Due to the immediacy of email, a business can start seeing results within minutes of its emails being sent. A 24-hour sale is a brilliant marketing ploy that can be utilised by email, as it creates a sense of urgency and convinces subscribers to take immediate action. Businesses typically have to wait weeks until they see sales come in as a result of print or broadcast campaigns and, even then, how can they be sure what was responsible for the purchase?
For example, a local design school could send out emails to let them know about their new design class that has a limited number of seats. Many of their customers and potential leads may have missed out on this opportunity to attend the class, had they not revisited the website in time. The design school then can fill all the seats more quickly, instead of waiting for reservations to trickle in.

Your About Us page. As marketer Bob Frady writes, “Customers don’t sign up for email, they sign up for your brand.” Email is merely a mechanism—your brand and offers are the backbone of your value proposition and a subscriber’s incentive to give you their email. If your About Us page is doing its job selling your company’s vision, it’s a great place to encourage customers to subscribe.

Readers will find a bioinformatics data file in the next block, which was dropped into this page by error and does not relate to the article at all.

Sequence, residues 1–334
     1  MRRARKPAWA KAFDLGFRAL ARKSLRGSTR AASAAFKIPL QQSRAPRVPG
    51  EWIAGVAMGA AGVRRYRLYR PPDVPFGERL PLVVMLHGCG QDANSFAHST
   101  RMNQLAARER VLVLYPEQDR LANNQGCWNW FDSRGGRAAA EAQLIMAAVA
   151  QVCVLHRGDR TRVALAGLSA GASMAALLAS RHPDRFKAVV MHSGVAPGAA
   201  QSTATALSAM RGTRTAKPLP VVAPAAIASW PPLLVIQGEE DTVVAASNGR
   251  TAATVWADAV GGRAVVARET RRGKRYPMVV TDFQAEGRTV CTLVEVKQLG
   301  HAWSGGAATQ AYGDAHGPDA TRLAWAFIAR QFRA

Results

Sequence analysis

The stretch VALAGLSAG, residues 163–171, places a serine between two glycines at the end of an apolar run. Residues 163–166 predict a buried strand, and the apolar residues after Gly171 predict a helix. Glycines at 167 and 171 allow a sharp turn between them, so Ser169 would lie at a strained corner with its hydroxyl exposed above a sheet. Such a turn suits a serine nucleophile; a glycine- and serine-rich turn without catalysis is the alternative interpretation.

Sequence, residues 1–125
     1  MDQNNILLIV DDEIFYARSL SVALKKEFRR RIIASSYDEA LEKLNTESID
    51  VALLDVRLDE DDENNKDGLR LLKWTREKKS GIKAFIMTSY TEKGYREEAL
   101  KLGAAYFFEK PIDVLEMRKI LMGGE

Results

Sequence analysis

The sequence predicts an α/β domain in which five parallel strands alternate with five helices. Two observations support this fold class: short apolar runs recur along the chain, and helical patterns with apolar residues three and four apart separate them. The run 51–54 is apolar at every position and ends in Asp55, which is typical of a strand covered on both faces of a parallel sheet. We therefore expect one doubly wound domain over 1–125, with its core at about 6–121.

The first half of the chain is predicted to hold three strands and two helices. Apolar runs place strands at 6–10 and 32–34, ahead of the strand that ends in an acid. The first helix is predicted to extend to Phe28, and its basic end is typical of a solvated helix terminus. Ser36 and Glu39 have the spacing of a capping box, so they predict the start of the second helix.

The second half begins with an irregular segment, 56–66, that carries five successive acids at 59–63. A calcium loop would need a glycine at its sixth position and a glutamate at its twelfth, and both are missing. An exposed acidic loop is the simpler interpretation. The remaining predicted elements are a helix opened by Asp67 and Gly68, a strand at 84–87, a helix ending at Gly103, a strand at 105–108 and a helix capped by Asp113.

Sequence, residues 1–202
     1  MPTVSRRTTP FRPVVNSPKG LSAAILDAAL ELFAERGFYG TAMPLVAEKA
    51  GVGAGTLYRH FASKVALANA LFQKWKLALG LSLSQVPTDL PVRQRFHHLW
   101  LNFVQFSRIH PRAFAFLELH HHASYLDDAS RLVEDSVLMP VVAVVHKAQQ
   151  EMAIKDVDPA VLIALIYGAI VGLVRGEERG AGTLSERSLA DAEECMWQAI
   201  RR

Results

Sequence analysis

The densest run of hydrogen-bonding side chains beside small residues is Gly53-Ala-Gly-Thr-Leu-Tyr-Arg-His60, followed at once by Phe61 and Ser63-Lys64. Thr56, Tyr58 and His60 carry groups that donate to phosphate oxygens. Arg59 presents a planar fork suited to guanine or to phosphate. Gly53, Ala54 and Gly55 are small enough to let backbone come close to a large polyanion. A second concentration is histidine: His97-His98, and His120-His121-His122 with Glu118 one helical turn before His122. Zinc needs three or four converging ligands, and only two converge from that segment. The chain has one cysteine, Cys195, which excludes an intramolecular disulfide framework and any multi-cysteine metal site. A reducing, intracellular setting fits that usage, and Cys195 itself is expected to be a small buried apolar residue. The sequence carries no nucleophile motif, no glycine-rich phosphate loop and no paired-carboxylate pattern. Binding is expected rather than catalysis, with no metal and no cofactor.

Transactional Emails – These are emails that are sent out after certain actions trigger them. When a customer buys a product or makes a reservation, emails are sent out confirming that transaction. They legitimize online commerce by giving customers a way to prove they have bought something. Transactional emails often also contain new sales messages. Studies have shown that transactional emails are opened 51.3% of the time, while newsletters are only opened 36.6% of the time. Knowing that they have a captive audience, marketers will often try to insert new sales pitches into emails that are not explicitly for selling. For example, airline reservation emails often ask if you would like to upgrade your seat for a fee.